There’s always been a bond between people and animals that is closer than our connection to any other part of creation. It began at the beginning. God didn’t ask Adam, “What is this rock’s name? This plant? This body of water?” But he did bring every beast of the field and every bird of the sky to Adam so that he could name them (Gen. 2:19).
On this day all is good again. On the sixth day, a Friday, the God who made the first Adam, recreated us all in the second Adam.
I wasn’t wearing fig leaves for underwear, but I’d just as well have been. That day I felt more like Adam than I ever had before, or since. The forbidden fruit, far from digesting, sat like a rock on the bottom of my gut. The man who stood before me was my boss. I was in his office to come clean, to tell him what I’d done. I’d lied to him before, lied to his face. And I was afraid. O dear God, was I afraid. I was afraid of him. I was afraid of myself. I was afraid of the truth. I tell you, I was afraid of damn near everything. Most of all, I was afraid of how he would react. I soon found out. I told him what I’d done. How I’d lied. How I’d broken the commandment. How I’d listened to the serpent, plucked the fruit, and loved the taste of it so much that I’d gorged myself. I had prepared himself for his anger. I knew it was coming. And I deserved every bit of it. If he had wagged his finger in my face, shoved me out the door, and told me to get the hell out of there and never come back, I wouldn’t have been surprised. In fact, I think I would have been a little relieved. At least then, I would have convinced myself that I’d paid for a tiny bit of my sin by suffering such rejection.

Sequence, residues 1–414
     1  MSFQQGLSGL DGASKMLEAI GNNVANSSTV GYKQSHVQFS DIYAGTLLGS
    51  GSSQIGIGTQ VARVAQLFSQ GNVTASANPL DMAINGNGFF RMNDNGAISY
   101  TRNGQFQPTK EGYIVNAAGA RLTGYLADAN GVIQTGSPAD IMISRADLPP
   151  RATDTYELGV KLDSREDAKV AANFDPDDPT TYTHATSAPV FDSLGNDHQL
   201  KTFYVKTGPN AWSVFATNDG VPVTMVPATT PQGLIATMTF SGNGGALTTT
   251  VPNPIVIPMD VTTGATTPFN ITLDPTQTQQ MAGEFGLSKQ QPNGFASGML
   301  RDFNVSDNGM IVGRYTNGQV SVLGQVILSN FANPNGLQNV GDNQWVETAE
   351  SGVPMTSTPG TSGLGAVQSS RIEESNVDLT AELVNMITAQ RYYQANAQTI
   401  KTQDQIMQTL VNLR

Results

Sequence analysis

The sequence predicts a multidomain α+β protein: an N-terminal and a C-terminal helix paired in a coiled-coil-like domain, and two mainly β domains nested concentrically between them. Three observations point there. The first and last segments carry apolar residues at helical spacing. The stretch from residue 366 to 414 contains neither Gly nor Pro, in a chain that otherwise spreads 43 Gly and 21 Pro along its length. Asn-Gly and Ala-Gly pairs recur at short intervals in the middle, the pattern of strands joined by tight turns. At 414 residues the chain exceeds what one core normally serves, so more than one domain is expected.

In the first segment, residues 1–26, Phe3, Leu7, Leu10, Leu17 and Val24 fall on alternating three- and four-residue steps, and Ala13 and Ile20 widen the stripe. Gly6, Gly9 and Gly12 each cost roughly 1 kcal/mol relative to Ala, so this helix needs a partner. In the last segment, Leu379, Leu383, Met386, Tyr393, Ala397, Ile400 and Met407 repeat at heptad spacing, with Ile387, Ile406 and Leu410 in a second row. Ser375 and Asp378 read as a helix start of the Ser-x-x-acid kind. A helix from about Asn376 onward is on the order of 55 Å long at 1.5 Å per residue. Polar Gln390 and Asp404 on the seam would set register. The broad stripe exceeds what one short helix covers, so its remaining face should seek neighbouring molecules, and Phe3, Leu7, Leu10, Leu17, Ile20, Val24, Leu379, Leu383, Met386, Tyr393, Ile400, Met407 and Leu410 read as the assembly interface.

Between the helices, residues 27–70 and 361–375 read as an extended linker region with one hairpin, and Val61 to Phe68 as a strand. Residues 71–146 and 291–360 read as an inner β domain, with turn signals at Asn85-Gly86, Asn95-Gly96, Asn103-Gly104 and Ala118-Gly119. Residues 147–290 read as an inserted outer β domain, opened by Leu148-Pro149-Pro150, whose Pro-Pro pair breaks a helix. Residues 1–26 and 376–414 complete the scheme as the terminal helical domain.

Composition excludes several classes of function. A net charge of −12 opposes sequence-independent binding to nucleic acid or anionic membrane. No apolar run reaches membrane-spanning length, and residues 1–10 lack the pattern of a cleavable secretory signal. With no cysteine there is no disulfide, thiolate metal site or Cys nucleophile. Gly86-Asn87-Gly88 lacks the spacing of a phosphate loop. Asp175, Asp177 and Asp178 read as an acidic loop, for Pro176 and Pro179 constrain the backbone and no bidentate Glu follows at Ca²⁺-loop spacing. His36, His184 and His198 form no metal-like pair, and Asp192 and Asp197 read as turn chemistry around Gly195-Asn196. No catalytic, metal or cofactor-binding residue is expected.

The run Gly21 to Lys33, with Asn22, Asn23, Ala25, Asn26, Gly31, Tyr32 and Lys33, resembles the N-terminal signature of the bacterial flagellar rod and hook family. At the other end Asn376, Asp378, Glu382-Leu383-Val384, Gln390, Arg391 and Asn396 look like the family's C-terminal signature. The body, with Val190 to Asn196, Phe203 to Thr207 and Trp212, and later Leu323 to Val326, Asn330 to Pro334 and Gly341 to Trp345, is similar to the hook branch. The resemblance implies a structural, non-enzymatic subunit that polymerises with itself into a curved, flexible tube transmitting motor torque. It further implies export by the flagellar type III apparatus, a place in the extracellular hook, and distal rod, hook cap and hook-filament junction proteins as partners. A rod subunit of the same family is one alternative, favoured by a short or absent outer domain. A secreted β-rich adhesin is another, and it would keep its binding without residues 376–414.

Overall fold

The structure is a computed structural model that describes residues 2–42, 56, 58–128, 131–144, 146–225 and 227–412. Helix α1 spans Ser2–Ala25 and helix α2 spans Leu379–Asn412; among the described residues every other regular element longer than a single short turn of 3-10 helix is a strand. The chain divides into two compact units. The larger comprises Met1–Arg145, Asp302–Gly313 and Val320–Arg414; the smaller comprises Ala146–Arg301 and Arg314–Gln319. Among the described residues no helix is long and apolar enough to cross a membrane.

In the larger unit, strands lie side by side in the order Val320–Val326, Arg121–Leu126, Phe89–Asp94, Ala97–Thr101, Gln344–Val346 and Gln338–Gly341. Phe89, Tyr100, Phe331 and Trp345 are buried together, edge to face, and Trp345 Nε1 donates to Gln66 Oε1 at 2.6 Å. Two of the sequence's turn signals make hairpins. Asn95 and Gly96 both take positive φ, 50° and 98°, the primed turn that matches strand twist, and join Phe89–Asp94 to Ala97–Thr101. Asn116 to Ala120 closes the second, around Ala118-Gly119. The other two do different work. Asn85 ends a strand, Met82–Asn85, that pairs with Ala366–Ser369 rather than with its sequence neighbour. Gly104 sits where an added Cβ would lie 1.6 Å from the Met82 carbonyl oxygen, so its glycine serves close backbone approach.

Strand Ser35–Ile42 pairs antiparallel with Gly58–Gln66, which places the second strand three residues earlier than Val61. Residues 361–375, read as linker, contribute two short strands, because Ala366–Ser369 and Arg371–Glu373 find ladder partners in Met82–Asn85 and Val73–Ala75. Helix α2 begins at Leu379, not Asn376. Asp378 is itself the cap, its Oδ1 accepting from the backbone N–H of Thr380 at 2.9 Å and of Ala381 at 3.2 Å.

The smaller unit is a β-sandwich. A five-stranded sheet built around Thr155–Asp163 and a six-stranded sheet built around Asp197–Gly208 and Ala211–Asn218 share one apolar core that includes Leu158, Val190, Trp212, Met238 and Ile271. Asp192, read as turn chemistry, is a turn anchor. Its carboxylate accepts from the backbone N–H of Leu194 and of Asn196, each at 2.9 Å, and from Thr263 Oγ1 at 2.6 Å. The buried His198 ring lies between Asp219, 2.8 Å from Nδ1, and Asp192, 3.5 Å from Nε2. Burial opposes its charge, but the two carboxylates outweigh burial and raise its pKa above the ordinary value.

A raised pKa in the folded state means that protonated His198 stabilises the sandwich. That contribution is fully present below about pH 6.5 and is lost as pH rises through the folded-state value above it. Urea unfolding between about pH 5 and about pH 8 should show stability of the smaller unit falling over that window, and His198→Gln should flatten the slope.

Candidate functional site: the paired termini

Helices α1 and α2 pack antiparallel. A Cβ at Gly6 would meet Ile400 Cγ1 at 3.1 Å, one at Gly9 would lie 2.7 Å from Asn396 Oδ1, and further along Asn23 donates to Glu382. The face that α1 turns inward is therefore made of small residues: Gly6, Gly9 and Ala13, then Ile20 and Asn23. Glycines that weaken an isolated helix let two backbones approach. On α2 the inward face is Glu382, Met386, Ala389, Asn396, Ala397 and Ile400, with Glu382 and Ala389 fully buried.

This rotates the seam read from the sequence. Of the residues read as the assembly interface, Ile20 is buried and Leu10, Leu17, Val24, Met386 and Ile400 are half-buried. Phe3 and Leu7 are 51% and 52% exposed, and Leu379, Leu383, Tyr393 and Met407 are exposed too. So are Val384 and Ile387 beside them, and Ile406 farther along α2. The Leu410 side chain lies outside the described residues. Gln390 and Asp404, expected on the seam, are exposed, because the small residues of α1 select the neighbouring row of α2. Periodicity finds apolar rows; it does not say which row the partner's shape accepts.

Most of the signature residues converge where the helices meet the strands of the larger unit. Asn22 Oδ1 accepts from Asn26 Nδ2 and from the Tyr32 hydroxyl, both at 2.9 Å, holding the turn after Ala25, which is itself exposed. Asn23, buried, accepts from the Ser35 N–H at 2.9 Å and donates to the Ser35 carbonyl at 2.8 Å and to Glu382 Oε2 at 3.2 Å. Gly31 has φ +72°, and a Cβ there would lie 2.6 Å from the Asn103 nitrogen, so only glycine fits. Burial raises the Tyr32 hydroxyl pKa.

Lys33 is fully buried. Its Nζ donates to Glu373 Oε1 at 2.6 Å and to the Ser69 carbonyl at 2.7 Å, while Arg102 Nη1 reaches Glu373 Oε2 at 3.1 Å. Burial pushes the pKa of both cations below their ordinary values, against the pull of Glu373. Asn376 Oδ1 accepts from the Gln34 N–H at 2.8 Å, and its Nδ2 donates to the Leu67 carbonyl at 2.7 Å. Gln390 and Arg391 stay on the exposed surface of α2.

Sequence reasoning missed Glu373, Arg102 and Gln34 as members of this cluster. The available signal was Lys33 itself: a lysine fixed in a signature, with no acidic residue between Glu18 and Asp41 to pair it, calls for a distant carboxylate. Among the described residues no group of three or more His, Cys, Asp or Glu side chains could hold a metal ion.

His reaction was totally wrong. It wasn’t supposed to happen this way. When I’d finished confessing, he didn’t start yelling. Out of his mouth came words like forgiveness, grace, Christ, clean slate. He was saying all the wrong things. This isn’t how bosses are supposed to speak. They’re supposed to hammer out words like deserve, punishment, consequences, disappointment. He didn’t. He shocked me by being gracious to me. He spoke as a father would to his son. And this son, who heard those paternal words of grace and absolution, would, to this day, relive that moment time and again as one of the most defining moments of his life. That day, instead of getting what I deserved, I received nothing but love.